SPRING HIKES IN HURON
Spring can present the most challenging season on the trails in Huron County, with conditions ranging from late winter snow and ice to large puddles and mud, but the payoff can be spectacular. We’ve picked three trails that best show off our spring season, so be sure to pack your camera and waterproof footwear.
Hullett Provincial Wildlife Area: Hands down, this is our favourite trail from March through to June. For best hiking through damp conditions, the dyke system remains fairly dry and from its elevated vantage point it provides the best views of the waterfowl on the ponds in the marsh.
In March and April, you will be able to see the migratory birds, such as the tundra swans using the Bluebill and Butterball pools as landing strips. By May and June, the dykes are an excellent way to watch the nesting habits of the Canada Geese that have taken over the ponds. And keep your eye on the water close to the shore, as muskrats can often be seen paddling by. Lucky hikers may come across snapping turtles basking in the sun. White-tailed deer, sandhill cranes, herons and wild turkeys are also common sights so be sure to keep a camera with a zoom lens handy.
The location’s website features a detailed map and printable checklists to track your sightings of flora and fauna at www.hullettmarsh.com. The parking lot at 40874 Summerhill Road features a viewing stand, easy access to the dyke system and a short loop trail (orange blazes) that features both sweeping vistas of the pools and an easy tromp through a meadow and back through a cedar grove to the parking lot.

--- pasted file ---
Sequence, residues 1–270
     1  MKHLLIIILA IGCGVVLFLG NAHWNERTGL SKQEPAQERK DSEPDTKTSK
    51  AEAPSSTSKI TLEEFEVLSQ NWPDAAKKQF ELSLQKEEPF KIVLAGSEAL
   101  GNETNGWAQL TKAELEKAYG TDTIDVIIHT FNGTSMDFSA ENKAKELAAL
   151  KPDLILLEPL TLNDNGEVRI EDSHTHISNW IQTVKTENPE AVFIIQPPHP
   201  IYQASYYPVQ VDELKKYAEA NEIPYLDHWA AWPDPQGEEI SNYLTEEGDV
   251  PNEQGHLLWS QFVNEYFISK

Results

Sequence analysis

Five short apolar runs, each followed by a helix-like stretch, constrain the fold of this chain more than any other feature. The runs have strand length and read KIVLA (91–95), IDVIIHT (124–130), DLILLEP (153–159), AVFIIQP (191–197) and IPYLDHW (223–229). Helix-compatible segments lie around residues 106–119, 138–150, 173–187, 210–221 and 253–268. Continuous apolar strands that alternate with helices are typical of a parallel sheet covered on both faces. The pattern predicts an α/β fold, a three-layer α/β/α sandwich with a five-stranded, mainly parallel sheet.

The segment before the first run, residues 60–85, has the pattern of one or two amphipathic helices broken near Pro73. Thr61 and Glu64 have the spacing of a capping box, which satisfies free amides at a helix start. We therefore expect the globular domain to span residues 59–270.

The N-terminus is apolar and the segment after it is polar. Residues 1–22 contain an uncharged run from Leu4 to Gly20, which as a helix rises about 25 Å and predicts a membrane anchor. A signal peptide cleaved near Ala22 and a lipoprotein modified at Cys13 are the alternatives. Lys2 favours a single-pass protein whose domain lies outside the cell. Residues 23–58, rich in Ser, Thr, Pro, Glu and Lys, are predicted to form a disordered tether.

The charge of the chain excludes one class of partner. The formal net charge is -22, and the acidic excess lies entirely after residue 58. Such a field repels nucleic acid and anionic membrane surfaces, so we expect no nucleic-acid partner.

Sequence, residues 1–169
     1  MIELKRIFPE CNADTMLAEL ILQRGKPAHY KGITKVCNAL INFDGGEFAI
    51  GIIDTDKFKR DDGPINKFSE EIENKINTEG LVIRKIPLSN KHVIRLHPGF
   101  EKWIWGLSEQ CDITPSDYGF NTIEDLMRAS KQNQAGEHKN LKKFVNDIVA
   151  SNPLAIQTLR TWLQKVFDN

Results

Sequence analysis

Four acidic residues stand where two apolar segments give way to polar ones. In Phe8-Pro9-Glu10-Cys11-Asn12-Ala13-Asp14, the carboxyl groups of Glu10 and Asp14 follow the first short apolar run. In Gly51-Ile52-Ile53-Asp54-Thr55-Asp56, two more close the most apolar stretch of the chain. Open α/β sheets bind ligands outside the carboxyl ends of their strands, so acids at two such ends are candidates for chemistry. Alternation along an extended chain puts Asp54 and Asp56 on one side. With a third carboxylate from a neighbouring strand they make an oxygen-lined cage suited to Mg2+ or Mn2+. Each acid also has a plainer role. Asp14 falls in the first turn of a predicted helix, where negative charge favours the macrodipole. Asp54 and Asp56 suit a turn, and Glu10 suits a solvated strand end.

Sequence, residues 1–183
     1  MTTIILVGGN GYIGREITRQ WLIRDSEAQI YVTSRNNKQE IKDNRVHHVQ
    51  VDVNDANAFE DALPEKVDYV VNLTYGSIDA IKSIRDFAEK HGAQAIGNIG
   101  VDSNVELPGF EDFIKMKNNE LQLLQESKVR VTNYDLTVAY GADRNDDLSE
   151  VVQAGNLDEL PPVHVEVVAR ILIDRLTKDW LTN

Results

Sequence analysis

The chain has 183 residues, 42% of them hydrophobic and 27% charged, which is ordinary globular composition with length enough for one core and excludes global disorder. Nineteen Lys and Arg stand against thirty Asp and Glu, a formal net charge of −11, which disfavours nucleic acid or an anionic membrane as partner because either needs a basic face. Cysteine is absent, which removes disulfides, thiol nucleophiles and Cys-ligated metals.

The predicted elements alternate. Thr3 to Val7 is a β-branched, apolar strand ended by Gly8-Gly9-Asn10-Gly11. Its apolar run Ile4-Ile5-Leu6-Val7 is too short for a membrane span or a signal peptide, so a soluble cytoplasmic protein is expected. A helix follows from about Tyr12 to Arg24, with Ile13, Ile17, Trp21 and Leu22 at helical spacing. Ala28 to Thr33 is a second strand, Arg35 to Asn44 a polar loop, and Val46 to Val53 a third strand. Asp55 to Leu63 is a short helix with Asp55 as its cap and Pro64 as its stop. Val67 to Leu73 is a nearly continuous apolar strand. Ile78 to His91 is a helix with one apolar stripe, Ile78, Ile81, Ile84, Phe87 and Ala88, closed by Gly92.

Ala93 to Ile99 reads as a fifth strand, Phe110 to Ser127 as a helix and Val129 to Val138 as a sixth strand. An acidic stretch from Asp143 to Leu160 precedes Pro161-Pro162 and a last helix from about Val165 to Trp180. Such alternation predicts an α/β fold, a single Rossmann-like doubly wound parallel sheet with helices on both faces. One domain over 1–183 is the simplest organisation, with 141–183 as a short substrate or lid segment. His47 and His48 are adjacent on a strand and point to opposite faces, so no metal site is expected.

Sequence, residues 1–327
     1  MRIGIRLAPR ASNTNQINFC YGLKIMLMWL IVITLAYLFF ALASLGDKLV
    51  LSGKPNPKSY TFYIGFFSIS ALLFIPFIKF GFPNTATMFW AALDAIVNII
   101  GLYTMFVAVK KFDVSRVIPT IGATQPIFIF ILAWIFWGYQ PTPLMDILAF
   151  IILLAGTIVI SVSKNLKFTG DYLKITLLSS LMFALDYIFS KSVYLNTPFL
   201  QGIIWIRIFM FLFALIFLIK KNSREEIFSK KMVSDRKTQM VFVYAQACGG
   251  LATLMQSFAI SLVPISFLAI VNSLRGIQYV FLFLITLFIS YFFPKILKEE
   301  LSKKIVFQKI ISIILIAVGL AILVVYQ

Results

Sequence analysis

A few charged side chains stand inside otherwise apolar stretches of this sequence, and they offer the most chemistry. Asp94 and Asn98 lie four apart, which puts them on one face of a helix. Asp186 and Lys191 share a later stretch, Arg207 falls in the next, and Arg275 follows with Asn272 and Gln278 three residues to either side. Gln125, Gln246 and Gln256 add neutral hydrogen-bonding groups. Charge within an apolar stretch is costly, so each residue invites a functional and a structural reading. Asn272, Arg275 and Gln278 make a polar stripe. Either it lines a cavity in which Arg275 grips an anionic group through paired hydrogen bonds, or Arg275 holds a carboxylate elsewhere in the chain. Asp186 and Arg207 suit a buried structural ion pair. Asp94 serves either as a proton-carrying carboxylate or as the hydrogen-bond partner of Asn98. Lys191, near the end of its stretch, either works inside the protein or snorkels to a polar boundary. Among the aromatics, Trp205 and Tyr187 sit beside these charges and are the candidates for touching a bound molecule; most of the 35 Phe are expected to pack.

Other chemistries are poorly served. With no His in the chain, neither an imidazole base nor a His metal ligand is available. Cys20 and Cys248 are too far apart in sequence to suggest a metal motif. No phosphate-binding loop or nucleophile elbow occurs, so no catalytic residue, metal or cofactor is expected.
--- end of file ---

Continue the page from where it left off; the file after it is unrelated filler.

Robertson Tract (feature photo, above): Just west of Auburn, down Pinery Line, is the entry point for the Robertson Tract, one of Huron County’s managed forests. There is a sign board with a map of the area and pictures and text outlining the history of the tract. The main trail is part of the Maitland Trail (an extensive trail running 52 kilometres between Auburn and Goderich, along with a network of side trails) and several fire cuts through the forest that are well-marked.
From the parking lot, head east along the river. In the spring, you will likely encounter plenty of fishermen, canoes and kayaks taking advantage of the high water. The riverbanks are steep in places affording great views of the river below. Follow the white blazes until you reach the point where the Maitland Trail makes a sharp right. Instead, take a left and wander the fire road back to Pinery Line. Follow the road until you reach the next fire road entry on the left. This entry point will bring you back to the Maitland Trail and a right turn will eventually lead you back to the parking area.
While meandering through the reforestation, watch for trilliums and anemones blooming. There is often a lot of evidence of red squirrels with great piles of midden (pine cone scales and scores) heaped under the trees in this section.
G2G Trail - Sharpes Creek Line: One of our favourite sections of the Goderich-to-Guelph Rail Trail starts at Sharpes Creek Line near Benmiller. There is ample parking on the side of the road, so be sure to leave room for the farm lane and gravel pit entrances, which are well-marked. On the trail, head west through a tree-lined section. This will soon open with gravel pits on either side of the trail. Then the hedgerows start to thicken with plenty of sumacs and dogwood adding a splash of colour. Soon you will encounter a substantial bridge built and maintained by the local snowmobile club that spans the picturesque Sharpes Creek. The creek was named after a runaway slave who settled in the area. Follow the trail along and you will encounter a pond on your left that is often overgrown with green algae that allows you to imagine the wildlife from their tracks through it. Nesting ducks take advantage of the thicket in the centre of the pond, and may startle you if they take off at your approach.
The next road (Lucknow Line) indicates the end of the first block and is a good turnaround point to return to your car or a midway point if you want to continue. The next block is a short one, with the McGaw Line intersection. If you want to continue one more block you will continue west to CP Line. A return trip from Sharpes Creek Line to CP Line and back is approximately 11 kilometres and a leisurely pace would be about two and a half hours.